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WPI No Longer Considering SAT Or ACT Test Scores For Admission, Citing 'Problematic Correlations'

WORCESTER (CBS) -- The SAT and ACT are no longer just optional for applicants to Worcester Polytechnic Institute - the school is eliminating test scores from its admissions process altogether. WPI said it's one of the first STEM universities to go fully "test blind," starting with Fall 2021 application cycle.

The eight-year pilot program to drop the tests from admissions consideration was approved by faculty, the school said in an announcement Monday.

"I'm proud that WPI is one of the very first STEM universities to fully eliminate the test score barrier," said WPI President Laurie Leshin in a statement. "We know that a WPI education can change a person's lifelong career trajectory, and is a highly effective engine of social mobility. This is particularly true for women, underrepresented students of color, economically disadvantaged students, and other diverse populations, who are often among those students whose test scores may discourage them from seeing themselves on our campus."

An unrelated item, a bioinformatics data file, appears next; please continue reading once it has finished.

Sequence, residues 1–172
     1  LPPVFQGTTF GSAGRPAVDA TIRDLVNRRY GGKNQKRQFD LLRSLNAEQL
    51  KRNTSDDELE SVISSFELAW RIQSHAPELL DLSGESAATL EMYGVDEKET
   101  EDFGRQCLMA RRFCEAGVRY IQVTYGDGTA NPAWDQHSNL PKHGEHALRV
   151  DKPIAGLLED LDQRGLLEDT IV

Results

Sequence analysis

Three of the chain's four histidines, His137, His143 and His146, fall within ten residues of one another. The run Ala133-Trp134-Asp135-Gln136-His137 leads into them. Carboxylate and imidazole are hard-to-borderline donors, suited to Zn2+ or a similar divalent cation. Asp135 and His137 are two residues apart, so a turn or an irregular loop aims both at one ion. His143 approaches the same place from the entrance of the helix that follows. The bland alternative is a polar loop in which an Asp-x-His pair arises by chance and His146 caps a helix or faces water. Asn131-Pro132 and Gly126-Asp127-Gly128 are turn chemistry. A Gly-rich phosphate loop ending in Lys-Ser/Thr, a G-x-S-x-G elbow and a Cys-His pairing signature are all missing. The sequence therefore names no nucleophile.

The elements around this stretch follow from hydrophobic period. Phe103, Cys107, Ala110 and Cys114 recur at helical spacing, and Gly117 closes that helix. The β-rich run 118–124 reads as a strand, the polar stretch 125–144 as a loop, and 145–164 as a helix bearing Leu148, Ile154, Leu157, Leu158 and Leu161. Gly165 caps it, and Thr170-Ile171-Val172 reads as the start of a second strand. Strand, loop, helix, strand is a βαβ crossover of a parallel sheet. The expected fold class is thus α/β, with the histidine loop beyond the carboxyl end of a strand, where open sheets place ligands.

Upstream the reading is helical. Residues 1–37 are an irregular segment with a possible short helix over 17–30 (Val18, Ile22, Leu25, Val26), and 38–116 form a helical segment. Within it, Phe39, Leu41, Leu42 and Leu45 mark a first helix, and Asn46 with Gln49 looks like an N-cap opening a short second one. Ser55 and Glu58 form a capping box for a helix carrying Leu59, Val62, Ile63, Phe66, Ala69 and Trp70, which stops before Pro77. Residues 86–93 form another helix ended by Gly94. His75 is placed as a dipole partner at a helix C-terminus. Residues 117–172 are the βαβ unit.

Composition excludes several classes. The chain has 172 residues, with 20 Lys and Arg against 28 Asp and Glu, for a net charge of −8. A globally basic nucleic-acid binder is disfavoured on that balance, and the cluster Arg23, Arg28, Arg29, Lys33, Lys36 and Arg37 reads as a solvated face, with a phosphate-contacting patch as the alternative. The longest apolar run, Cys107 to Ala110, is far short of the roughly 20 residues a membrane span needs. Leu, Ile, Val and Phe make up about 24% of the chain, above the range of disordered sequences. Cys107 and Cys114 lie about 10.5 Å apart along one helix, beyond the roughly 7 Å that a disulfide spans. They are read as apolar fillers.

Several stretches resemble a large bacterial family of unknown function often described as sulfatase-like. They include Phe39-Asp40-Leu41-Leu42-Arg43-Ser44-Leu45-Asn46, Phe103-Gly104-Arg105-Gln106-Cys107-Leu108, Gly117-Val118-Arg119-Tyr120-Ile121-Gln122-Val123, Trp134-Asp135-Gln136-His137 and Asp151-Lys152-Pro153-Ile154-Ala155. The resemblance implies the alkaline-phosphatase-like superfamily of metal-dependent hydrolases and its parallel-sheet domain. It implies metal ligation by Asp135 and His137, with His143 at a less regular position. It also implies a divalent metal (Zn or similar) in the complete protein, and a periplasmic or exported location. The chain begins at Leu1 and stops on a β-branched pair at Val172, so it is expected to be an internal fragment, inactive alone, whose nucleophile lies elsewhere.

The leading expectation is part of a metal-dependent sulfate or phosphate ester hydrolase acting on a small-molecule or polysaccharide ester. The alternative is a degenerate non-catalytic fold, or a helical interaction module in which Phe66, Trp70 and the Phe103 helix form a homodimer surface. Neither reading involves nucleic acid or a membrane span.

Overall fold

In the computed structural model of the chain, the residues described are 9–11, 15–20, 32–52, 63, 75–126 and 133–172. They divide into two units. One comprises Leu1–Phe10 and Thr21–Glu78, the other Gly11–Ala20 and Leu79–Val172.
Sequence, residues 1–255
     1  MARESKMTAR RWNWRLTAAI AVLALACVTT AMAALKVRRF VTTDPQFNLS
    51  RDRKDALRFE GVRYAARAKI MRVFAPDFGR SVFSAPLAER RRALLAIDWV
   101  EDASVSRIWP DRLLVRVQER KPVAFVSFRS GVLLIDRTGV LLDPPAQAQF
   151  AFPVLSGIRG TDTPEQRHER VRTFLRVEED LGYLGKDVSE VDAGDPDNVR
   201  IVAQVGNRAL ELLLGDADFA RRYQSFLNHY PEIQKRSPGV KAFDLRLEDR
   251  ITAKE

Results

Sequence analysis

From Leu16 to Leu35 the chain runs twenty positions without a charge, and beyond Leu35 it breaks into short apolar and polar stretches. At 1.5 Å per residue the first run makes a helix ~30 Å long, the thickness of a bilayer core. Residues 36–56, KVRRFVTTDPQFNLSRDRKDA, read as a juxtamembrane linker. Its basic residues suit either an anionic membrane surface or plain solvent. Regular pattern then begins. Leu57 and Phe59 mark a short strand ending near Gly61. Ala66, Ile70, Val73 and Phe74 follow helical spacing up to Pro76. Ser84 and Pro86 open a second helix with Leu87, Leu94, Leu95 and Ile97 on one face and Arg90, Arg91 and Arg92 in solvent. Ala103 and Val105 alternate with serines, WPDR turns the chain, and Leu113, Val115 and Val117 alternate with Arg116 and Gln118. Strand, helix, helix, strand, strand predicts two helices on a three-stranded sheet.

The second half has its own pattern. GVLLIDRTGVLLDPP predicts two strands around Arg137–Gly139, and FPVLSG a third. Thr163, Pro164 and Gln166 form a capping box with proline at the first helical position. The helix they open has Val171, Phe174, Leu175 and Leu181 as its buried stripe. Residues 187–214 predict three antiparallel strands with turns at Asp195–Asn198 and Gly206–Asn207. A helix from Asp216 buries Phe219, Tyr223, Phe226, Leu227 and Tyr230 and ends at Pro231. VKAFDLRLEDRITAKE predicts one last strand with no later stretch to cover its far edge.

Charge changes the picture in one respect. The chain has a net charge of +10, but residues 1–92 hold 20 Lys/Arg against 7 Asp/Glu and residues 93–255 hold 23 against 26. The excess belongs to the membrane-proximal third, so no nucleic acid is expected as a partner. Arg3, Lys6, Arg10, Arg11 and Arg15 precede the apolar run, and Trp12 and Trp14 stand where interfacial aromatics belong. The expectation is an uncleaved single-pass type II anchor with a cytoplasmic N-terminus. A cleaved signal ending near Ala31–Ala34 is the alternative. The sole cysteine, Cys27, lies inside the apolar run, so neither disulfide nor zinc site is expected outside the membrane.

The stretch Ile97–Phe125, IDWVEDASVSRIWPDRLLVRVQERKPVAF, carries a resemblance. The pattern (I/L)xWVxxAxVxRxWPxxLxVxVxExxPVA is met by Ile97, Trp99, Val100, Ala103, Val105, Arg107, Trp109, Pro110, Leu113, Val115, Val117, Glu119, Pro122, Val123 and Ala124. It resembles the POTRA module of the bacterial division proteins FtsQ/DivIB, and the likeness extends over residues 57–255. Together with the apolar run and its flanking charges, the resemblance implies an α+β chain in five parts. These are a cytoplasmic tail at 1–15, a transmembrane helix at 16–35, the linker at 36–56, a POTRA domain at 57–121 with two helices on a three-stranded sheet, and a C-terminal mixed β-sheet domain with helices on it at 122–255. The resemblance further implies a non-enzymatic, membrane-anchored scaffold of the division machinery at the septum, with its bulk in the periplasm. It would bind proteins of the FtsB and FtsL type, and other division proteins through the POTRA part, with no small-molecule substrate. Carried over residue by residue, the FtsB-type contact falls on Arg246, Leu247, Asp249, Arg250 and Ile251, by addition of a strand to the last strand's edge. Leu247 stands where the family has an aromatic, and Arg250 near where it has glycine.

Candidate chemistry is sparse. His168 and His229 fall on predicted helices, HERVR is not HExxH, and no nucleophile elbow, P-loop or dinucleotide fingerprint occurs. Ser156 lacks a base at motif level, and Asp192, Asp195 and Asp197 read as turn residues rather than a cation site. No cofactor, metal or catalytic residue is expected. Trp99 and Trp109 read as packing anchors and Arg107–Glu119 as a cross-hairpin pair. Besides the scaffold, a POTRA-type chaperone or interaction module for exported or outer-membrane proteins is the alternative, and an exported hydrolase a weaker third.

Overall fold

WPI went "test optional" in its admissions process back in 2007. The school says low test scores may discourage good students from applying, while also creating an unfair advantage for wealthier students who can afford test prep courses.

"Standardized test scores are not necessary to make admissions decisions," said Andrew Palumbo, Assistant Vice President for Enrollment Management and Dean of Admissions & Financial Aid, in a statement. "They have been found to have problematic correlations with family income, gender, race and ethnicity, and parental education level."

WPI said it has seen a higher percentage of women and students of color admitted since going test optional, and GPA scores have also gone up. About 70 universities have also gone test blind in the past year, according to WPI.

Last summer, Harvard University dropped the standardized test requirement for Class of 2025 applicants, citing challenges presented by the coronavirus pandemic.


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